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Differentials in the Prevalence of Acute Respiratory Infections Among Under-Five Children: An Analysis of 37 Sub-Saharan Countries
Authors: Michael Ekholuenetale, Chimezie Igwegbe Nzoputam, Osaretin Christabel Okonji, Amadou Barrow, Anthony Ike Wegbom, Clement Kevin Edet
Source: Global Pediatric Health, Volume 10; DOI:
Topic(s): Children under five
Wealth Index
Country: Africa
  Multiple African Countries
Published: FEB 2023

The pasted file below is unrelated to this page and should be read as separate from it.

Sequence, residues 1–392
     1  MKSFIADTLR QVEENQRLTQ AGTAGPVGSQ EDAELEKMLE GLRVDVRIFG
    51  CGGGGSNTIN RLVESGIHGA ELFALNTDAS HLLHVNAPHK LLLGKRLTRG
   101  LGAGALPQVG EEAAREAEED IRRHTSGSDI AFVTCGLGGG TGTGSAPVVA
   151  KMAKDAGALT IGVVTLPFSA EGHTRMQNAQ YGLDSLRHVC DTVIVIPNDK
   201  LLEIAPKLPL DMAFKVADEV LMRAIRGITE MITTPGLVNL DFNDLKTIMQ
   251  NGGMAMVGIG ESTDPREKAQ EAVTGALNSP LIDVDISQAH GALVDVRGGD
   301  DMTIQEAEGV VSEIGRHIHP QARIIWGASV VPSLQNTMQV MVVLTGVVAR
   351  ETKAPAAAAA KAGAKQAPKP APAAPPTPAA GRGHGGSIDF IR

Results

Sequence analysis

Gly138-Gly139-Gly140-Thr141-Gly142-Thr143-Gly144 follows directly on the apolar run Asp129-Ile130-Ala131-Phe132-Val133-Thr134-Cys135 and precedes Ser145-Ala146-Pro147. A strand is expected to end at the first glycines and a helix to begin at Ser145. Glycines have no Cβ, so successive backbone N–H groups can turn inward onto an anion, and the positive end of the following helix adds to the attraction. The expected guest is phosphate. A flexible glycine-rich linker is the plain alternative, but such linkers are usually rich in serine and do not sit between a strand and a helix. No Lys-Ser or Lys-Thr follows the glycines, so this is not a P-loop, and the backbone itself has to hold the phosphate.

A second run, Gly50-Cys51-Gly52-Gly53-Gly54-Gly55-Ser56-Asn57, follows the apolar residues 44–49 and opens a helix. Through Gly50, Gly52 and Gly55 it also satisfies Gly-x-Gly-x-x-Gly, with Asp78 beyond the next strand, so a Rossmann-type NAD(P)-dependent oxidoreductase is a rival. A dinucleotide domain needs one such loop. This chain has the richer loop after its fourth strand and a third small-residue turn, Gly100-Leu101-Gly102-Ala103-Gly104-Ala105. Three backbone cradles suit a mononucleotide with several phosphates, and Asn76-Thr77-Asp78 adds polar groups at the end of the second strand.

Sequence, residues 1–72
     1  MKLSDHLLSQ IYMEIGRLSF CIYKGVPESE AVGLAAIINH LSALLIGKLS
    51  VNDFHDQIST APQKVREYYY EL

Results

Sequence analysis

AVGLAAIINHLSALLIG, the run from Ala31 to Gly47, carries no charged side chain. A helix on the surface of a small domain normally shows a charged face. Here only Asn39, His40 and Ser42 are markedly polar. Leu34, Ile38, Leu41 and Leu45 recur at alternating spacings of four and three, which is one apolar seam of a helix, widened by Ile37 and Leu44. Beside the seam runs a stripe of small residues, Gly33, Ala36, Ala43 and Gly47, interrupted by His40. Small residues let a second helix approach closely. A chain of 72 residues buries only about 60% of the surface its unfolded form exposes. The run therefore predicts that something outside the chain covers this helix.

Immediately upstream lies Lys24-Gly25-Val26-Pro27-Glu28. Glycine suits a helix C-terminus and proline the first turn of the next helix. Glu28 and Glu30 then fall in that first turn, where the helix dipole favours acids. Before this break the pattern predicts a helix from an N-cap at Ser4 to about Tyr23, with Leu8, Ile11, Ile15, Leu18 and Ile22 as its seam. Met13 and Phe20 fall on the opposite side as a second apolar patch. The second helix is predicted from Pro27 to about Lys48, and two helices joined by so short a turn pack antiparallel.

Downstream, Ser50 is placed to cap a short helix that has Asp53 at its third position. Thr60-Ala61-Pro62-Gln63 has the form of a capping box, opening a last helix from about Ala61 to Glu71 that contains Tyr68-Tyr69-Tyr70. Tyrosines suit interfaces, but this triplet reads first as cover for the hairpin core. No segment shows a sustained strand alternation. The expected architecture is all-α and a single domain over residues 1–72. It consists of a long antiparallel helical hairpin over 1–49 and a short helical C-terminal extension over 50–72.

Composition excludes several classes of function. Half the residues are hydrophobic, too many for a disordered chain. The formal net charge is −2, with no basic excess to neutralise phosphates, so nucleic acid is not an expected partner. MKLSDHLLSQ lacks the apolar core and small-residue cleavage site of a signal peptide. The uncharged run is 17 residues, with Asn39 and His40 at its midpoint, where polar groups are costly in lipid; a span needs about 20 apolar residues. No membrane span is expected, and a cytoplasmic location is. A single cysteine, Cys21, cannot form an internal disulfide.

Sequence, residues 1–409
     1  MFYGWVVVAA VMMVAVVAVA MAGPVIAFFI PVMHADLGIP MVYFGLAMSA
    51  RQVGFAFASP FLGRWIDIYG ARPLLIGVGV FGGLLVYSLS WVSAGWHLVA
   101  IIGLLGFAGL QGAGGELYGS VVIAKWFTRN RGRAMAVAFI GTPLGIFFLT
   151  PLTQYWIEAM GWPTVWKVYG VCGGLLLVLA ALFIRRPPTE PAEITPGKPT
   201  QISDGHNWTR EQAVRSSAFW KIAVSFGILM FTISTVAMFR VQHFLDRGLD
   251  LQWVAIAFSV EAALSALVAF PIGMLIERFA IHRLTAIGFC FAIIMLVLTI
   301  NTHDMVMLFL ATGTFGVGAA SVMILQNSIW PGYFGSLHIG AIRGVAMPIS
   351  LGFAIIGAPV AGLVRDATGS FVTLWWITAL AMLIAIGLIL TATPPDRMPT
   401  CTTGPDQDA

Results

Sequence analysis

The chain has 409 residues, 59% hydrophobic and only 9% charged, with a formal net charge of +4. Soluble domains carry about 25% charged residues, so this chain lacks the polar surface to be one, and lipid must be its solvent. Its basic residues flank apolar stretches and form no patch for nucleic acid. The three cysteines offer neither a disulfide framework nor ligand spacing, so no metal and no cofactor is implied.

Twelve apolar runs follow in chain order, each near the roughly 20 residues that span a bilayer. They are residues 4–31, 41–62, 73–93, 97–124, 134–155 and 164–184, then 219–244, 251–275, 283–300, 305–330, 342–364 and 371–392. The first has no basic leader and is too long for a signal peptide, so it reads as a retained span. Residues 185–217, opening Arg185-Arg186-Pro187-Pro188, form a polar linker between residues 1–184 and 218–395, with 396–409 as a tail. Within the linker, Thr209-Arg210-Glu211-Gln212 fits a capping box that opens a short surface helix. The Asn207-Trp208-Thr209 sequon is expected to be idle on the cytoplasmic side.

Abstract: Objective We investigated the prevalence and risk factors of ARI in children under 5?years old in 37 SSA countries. Methods Data from Demographic and Health Survey (DHS) of 37 African countries was examined in this analysis. Data from children under the age of 5?years old were examined. Forest plot was used to identify disparities in the occurrence of ARIs across SSA countries. Results We observed a higher prevalence of ARI among children under 5 in Uganda, Kenya, Sao Tome and Principe (9% each), Gabon, Chad, Eswatini (8% each), Burundi, Ethiopia, Congo Democratic Republic (7.0% each). The prevalence of ARI among under-five children who sought medical advice/treatment from health facility was higher in South Africa (88%), Sierra Leone (86%), Tanzanian (85%), Guinea (83%) and Uganda (80%). The prevalence rate of ARI among under-five children who received antibiotics was higher in Tanzania (61%), Sao Tome and Principe (60%), Rwanda and Congo (58% each), Angola (56.0%), Mozambique (54.0%), Kenya (53.0%), Namibia (52.0%) and Gabon (50.0%). This study found that the household wealth index, maternal education, and urban residence were significantly associated with ARI (p?<0.001). A higher prevalence of ARI was observed among urban residents, low income families, and those with mothers with lower education. Conclusion ARI prevalence could be reduced by improving household socioeconomic status, child nutrition and community awareness of indoor and outdoor pollution. Interventions and programs focused on early diagnosis, treatment and prevention of ARIs are crucial in reducing ARIs particularly in developing countries.